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5/11/2011Differential Mode Small Signal Analysis of BJT Diff Pair1/21Small-Signal Analysis ofBJT Differential PairsNow lets consider the case where each input of thedifferential pair consists of an identical DC bias term VB, andalso an AC small-signal component (i.e., v1(t ) and v2(t ) )VCCRCRCvO 1 (t )vO 2 (t )VB v1(t ) Q1iE 2 Q2iE 1 v2(t ) VBvBE 2vBE 1 I VEEAs a result, the open-circuit output voltages will likewise havea DC and small-signal component.

5/11/2011Differential Mode Small Signal Analysis of BJT Diff Pair2/21Recall that we can alternatively express these two small-signalcomponents in terms of their average (common-mode):vcm (t ) v1(t ) v2(t )2and their differential mode:vd (t ) v1(t ) v2(t )Such that:v1(t ) vcm(t ) vd (t )v2(t ) vcm(t ) 2I.E.:vd (t )2VCCRCRCvO 1 (t )vO 2 (t )VB vcm (t ) vd (t )2 Q1iE 2iE 1Q2vBE 2vBE 1 IVEE vcm (t ) vd (t )2 VB

5/11/2011Differential Mode Small Signal Analysis of BJT Diff Pair3/21Now, let’s determine the small-signal voltage gain of thisamplifier!Q: What do you mean by gain? Is it:Avo vo 1v1orAvo vo 2v2orAvo vo 1v2or Avo vo 2?v1A: Actually, none of those definitions!This is a differential amplifier, so we typically define gain interms of its common-mode ( Acm ) and differential ( Ad ) gains:Acm So that:vo 1 vo 2 vcm vcmandAd vo 1v o2vdvdvo 1(t ) Acm vcm (t ) Ad vd (t )vo 2(t ) Acm vcm (t ) Ad vd (t )Q: So how do we determine the differential and common-mode gains?A: The first step—of course—is to accomplish a DC analysis;turn off the small-signal sources!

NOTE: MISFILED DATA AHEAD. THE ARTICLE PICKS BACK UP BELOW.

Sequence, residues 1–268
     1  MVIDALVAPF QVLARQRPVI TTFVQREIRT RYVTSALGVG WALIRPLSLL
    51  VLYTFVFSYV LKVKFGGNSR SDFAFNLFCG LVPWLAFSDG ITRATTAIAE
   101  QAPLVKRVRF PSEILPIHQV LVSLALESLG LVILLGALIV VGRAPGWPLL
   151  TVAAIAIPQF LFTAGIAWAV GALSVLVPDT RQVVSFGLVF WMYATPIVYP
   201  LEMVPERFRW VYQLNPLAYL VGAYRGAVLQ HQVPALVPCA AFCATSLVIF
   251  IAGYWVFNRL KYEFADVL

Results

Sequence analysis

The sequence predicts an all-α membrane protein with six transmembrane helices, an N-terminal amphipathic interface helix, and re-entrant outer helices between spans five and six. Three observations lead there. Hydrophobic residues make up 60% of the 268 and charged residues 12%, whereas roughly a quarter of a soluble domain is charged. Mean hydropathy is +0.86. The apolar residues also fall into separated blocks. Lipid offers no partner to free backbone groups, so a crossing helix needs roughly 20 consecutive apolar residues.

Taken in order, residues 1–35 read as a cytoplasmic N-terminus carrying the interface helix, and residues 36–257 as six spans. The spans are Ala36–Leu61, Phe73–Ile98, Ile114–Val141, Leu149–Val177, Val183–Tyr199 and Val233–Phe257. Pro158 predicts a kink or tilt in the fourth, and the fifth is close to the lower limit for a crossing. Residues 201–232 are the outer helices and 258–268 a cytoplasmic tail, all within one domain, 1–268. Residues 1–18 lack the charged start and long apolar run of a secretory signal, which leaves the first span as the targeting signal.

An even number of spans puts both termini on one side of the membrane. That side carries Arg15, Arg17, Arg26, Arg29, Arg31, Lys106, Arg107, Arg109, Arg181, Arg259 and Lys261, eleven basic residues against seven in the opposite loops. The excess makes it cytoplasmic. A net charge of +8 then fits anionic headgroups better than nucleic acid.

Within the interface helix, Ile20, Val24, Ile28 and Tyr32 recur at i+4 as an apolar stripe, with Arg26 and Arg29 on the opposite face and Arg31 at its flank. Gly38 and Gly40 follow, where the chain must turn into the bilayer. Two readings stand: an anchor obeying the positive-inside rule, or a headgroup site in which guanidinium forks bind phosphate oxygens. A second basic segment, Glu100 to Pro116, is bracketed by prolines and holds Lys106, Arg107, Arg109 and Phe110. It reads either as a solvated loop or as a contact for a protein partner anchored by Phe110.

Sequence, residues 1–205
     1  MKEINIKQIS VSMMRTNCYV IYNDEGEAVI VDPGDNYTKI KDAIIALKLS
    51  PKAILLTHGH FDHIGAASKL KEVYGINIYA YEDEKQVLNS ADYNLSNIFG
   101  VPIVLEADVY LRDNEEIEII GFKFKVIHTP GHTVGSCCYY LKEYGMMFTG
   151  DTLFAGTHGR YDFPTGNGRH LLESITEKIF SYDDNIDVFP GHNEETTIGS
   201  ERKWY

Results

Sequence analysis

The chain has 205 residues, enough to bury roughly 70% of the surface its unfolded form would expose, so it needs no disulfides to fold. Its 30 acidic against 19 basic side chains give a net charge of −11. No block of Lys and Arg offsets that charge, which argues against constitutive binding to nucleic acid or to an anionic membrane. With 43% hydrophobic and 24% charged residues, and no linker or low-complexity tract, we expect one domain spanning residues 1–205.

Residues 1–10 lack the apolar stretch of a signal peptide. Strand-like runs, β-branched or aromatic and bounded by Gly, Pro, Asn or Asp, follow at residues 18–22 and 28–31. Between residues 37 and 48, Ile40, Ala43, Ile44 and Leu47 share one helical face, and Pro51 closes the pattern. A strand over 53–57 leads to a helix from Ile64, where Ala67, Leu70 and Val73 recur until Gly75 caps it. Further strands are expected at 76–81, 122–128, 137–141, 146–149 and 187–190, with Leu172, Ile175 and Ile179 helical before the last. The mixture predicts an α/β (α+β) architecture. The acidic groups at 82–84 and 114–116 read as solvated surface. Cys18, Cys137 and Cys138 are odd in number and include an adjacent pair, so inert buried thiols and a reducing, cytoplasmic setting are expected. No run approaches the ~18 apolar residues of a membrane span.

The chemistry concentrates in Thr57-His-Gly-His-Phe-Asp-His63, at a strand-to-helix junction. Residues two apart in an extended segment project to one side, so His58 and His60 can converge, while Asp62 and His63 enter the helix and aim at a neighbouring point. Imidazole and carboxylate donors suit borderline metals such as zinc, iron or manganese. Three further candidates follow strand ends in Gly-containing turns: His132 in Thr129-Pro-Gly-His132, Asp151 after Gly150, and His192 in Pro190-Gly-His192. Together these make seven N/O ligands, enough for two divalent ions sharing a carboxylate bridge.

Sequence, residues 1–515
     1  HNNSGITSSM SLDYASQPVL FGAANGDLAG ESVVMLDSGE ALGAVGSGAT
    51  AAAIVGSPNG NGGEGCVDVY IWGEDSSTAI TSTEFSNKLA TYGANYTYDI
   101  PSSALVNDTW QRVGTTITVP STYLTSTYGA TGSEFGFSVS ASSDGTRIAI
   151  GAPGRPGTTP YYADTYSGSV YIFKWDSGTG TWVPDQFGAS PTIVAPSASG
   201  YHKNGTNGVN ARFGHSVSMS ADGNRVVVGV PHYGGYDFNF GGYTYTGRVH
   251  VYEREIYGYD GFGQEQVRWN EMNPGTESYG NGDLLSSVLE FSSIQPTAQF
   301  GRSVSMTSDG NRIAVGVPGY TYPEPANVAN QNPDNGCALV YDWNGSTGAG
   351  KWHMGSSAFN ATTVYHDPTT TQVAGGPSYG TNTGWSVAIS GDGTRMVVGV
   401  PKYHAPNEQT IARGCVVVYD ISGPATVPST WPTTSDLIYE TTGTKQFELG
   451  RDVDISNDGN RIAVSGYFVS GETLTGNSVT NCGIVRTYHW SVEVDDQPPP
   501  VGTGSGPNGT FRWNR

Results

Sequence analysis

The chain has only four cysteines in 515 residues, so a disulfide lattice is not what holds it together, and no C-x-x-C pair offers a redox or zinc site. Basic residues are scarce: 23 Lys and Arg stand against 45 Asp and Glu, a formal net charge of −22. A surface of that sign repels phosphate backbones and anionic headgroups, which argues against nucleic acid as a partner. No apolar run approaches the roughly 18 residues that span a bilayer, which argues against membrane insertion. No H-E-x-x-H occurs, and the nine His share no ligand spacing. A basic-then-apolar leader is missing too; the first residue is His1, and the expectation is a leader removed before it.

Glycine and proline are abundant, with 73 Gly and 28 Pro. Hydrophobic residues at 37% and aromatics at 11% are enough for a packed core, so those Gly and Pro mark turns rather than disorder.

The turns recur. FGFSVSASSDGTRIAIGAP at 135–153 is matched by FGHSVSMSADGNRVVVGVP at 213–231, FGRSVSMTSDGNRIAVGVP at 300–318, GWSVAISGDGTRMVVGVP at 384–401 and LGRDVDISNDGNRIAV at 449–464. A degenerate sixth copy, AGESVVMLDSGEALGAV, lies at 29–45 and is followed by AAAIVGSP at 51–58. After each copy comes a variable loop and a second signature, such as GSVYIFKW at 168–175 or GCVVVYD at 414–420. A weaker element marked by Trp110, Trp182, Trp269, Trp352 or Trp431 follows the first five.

5/11/2011Differential Mode Small Signal Analysis of BJT Diff PairVCCRCVBVO 1Q1VO 2RCI 2 Q2I 2VBIVEEThis DC analysis is quite simple!1. Since the DC base voltage VB is the same for eachtransistor, we know the two emitter currents will each be:IE 1 I E 2 I2We know one current, we know em’ all!IC 1 I C 2 αIB 1 IB 2 II212 ( β 1)4/21

5/11/2011Differential Mode Small Signal Analysis of BJT Diff Pair5/21Likewise, for the BJTs to be in active mode, we know that:VCB 0VC VB . From KVL, the collector voltage is:VC VCC RC IC VCC αI2RCTherefore, in order for the BJTs to be in the active mode:VCC αI2RC VBV VBI 2 CCα RC 2. Now, we determine the small-signal parameters of eachtransistor:gm 1 gm 2 rπ 1 rπ 2 IC α I 2 VTVTIB1I VT 2 ( β 1 ) VTro 1 ro 2 2 VAαI